Idaho Senate 3-1-19

The Idaho Senate meets on Friday.

BOISE — In an effort to better address human trafficking in Idaho, the Senate unanimously passed a bill Tuesday to extend protections for victims in the case they’re charged with a nonviolent crime.

“This is a really significant piece of legislation — this provides that safe harbor,” said the bill’s sponsor, Sen. Abby Lee R-Fruitland.

With the legislation, prosecutors are required to divert, or reroute out of the criminal justice system, minors who commit nonviolent offenses, so long as the crime is determined to be a direct result of having been a victim to human trafficking. This includes crimes such as prostitution.

The bill, which adds to existing law’s “Safe Harbor Provision,” would give human trafficking victims an “affirmative defense,” meaning if the victim provides credible evidence, then criminal or civil liability is nullified, even if the victim did commit the crime.

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If a minor is diverted, S1003 requires a child be placed in a state residential facility, providing a rehabilitative program with access to services like case management, trauma recovery, education and employment training, among others.

“The problem is that merely dealing with the criminal offenses that may have been charged as a result of human trafficking doesn’t restore the hopes and the ability to dream of a successful future ... to a victim of human trafficking. This is a good step in moving that direction,” Sen. Jim Rice, R-Caldwell, said. ”There is significant pervasive physiological damage done to these victims.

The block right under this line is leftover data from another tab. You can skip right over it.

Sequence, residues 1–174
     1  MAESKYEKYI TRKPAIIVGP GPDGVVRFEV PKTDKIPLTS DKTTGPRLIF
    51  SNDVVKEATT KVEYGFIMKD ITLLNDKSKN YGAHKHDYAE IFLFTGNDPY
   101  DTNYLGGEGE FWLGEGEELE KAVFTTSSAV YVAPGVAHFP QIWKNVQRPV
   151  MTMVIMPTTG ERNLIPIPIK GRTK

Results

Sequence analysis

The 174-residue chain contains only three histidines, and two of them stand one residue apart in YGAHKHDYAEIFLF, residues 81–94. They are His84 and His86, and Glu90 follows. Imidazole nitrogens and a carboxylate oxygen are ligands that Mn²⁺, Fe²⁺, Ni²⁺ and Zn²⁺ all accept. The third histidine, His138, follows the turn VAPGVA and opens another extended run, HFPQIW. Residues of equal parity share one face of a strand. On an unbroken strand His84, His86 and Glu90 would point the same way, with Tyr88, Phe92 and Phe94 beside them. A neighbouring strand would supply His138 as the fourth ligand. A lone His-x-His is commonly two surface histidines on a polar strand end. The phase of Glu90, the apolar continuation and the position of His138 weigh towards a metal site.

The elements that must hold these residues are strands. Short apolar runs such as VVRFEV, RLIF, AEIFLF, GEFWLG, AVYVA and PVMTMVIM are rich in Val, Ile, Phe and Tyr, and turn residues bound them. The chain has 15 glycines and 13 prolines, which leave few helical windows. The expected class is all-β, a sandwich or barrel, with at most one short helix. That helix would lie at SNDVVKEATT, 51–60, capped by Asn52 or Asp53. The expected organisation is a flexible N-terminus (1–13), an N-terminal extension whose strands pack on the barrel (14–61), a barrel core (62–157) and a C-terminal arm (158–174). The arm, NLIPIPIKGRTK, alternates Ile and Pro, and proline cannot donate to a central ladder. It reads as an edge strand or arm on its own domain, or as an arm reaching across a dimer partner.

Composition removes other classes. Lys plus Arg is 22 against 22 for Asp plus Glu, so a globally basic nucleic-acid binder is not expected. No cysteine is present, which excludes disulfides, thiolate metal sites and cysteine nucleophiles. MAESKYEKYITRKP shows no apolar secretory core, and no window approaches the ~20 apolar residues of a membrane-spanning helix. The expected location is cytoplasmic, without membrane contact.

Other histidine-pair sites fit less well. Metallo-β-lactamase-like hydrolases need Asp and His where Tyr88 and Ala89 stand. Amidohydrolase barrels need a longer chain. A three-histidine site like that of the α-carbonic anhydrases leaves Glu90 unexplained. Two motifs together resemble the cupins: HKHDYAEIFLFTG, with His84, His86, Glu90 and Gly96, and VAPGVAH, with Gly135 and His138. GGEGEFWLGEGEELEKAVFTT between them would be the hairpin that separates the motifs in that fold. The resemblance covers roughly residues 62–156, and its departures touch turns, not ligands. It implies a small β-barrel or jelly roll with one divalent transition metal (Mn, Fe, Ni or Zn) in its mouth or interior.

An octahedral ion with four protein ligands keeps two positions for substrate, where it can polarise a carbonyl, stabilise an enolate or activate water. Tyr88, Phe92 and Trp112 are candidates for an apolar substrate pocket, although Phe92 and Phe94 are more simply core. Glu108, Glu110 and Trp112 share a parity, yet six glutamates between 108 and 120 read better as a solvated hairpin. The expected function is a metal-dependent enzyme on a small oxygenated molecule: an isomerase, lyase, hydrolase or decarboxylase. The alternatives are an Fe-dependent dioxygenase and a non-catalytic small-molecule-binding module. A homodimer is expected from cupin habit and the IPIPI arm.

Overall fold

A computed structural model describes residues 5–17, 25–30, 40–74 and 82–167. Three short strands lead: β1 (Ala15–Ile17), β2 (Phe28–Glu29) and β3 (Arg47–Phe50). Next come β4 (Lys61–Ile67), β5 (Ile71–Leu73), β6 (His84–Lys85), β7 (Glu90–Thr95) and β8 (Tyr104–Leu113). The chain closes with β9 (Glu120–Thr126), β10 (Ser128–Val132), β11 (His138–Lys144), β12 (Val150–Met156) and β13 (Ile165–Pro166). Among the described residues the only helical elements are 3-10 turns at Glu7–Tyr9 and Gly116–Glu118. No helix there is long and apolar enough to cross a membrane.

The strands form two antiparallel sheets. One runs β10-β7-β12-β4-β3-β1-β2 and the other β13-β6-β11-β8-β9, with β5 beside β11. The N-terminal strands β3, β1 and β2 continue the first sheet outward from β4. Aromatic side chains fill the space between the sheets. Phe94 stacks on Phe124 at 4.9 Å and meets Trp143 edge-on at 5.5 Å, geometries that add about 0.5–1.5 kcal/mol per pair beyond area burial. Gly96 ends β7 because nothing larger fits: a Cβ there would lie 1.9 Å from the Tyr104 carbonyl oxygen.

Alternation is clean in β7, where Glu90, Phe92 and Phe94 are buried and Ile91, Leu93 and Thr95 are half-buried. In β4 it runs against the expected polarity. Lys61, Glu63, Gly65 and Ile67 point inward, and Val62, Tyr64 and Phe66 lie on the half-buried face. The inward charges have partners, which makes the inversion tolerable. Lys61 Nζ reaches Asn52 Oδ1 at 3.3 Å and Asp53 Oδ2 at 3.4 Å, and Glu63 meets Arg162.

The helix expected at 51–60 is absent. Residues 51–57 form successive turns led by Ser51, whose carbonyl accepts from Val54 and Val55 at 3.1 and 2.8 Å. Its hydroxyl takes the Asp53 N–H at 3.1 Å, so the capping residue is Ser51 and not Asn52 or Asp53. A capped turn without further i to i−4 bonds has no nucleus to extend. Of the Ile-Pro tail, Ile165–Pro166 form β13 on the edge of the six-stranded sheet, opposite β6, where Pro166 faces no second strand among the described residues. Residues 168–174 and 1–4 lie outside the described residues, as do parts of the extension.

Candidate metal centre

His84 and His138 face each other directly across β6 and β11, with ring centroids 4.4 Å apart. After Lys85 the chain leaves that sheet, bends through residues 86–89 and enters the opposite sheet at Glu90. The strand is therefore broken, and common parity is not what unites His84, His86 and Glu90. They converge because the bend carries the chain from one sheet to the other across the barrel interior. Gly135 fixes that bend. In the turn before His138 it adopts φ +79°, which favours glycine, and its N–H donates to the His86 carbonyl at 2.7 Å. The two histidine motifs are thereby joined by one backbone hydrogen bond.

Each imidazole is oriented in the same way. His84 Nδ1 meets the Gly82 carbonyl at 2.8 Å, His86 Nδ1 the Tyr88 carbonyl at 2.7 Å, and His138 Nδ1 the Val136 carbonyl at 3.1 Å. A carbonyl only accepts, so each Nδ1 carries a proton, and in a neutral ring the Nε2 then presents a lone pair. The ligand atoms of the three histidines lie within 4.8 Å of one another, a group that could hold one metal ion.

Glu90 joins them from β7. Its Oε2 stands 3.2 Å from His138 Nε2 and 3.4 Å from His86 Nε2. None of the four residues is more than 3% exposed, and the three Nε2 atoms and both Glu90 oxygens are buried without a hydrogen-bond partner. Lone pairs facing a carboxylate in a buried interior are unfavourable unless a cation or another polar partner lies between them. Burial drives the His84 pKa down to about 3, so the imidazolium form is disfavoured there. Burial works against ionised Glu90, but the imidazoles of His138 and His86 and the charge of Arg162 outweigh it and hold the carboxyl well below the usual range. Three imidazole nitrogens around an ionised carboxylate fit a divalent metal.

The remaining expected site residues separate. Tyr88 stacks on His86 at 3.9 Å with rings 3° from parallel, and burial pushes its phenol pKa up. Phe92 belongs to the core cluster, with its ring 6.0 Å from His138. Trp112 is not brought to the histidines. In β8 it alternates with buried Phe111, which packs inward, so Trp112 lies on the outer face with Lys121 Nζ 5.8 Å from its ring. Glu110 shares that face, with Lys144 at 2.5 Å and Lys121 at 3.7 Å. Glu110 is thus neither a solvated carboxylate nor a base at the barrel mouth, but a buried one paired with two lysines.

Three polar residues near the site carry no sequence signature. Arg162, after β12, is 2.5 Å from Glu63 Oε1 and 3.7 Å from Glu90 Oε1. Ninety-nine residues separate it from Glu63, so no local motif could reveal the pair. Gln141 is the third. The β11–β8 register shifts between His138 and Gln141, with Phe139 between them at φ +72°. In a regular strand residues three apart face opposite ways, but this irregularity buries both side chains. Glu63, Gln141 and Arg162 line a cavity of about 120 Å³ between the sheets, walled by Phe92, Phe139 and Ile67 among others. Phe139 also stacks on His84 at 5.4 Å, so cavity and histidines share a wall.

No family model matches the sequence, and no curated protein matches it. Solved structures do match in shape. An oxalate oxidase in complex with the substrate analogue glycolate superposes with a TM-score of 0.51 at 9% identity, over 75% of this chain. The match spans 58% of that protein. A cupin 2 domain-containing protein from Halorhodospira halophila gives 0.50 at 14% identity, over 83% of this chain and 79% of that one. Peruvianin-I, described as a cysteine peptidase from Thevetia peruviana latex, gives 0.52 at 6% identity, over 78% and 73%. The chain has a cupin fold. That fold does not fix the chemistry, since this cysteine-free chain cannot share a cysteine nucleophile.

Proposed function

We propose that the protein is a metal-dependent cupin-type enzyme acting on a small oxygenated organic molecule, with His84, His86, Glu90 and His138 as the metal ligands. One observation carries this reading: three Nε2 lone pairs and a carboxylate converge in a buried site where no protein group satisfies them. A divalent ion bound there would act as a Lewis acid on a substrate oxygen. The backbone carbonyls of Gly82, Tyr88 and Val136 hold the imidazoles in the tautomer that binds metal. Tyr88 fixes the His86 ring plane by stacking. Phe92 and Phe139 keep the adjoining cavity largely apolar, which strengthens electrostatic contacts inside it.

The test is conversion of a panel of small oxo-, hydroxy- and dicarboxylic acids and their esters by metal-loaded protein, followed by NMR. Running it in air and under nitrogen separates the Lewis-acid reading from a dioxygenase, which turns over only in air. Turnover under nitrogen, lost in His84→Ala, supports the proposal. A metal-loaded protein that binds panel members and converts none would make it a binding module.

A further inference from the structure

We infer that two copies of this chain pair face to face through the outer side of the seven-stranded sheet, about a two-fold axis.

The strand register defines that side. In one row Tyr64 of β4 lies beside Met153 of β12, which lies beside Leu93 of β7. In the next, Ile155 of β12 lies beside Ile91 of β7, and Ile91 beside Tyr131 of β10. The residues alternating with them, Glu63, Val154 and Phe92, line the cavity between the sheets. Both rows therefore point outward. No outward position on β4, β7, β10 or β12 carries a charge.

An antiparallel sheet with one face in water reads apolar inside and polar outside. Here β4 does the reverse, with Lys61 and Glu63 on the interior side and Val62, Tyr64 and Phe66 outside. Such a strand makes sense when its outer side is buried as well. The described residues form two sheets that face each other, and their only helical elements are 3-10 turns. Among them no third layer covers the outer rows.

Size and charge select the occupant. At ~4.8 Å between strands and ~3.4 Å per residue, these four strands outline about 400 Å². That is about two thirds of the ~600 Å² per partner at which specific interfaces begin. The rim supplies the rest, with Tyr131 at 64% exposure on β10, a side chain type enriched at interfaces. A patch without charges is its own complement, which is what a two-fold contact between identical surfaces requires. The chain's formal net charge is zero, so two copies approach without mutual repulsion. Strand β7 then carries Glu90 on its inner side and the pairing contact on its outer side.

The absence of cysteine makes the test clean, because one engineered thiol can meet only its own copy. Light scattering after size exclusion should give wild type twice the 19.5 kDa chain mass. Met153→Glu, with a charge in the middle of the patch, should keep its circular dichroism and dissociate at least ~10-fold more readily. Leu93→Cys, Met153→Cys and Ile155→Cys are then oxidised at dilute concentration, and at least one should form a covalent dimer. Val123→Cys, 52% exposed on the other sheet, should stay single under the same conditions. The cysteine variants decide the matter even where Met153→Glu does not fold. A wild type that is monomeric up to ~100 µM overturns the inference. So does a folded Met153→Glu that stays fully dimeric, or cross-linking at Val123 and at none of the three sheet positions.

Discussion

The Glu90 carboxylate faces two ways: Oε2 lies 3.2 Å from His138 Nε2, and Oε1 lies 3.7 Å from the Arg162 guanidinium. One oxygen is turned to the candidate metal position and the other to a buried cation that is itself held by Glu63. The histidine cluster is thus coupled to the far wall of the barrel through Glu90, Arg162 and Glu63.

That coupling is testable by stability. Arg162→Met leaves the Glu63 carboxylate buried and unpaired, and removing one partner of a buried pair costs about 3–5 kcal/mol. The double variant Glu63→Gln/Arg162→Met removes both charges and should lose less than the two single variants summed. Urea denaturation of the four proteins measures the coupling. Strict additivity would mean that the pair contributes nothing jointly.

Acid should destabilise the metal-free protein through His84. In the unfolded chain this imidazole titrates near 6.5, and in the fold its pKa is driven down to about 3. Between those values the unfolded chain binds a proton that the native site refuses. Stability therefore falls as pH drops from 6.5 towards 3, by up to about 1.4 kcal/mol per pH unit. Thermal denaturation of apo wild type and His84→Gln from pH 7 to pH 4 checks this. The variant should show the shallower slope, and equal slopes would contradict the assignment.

The bill, Rice said, takes it out of the hands of a prosecutor and puts it in the hands of a judge and the victim to find the best solution to help “restore hope and self-worth.”This is one of two bills proposed this session by a subcommittee of the the Idaho Criminal Justice Commission, which was created to examine human trafficking in Idaho and ways to address it.

The second bill, S1005, updates the language and laws of Idaho’s current human trafficking law. It has passed through the Senate and is now headed to the House floor for a vote.

Savannah Cardon is the Caldwell reporter for the Idaho Press. Follow her on Twitter, @savannahlcardon, or reach her at 208-465-8172.

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